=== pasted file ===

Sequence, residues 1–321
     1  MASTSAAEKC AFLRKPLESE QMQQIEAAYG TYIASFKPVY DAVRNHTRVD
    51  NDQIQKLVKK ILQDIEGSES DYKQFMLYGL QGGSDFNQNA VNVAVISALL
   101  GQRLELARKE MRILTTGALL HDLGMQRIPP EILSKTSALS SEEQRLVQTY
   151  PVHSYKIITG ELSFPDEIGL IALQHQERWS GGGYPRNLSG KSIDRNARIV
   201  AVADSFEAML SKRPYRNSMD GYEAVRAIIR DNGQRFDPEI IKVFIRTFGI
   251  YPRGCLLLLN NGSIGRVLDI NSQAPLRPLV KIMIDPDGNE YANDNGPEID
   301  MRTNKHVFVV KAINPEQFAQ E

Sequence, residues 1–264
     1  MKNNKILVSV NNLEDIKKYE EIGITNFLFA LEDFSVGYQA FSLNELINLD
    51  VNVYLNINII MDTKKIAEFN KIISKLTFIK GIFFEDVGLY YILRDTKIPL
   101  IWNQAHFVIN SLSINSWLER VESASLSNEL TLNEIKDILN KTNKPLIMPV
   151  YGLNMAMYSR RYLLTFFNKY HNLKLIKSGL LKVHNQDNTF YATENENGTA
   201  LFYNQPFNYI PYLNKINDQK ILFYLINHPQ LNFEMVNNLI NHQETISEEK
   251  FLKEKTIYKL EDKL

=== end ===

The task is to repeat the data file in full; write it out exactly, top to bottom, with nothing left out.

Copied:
Sequence, residues 1–321
     1  MASTSAAEKC AFLRKPLESE QMQQIEAAYG TYIASFKPVY DAVRNHTRVD
    51  NDQIQKLVKK ILQDIEGSES DYKQFMLYGL QGGSDFNQNA VNVAVISALL
   101  GQRLELARKE MRILTTGALL HDLGMQRIPP EILSKTSALS SEEQRLVQTY
   151  PVHSYKIITG ELSFPDEIGL IALQHQERWS GGGYPRNLSG KSIDRNARIV
   201  AVADSFEAML SKRPYRNSMD GYEAVRAIIR DNGQRFDPEI IKVFIRTFGI
   251  YPRGCLLLLN NGSIGRVLDI NSQAPLRPLV KIMIDPDGNE YANDNGPEID
   301  MRTNKHVFVV KAINPEQFAQ E

Sequence, residues 1–264
     1  MKNNKILVSV NNLEDIKKYE EIGITNFLFA LEDFSVGYQA FSLNELINLD
    51  VNVYLNINII MDTKKIAEFN KIISKLTFIK GIFFEDVGLY YILRDTKIPL
   101  IWNQAHFVIN SLSINSWLER VESASLSNEL TLNEIKDILN KTNKPLIMPV
   151  YGLNMAMYSR RYLLTFFNKY HNLKLIKSGL LKVHNQDNTF YATENENGTA
   201  LFYNQPFNYI PYLNKINDQK ILFYLINHPQ LNFEMVNNLI NHQETISEEK
   251  FLKEKTIYKL EDKL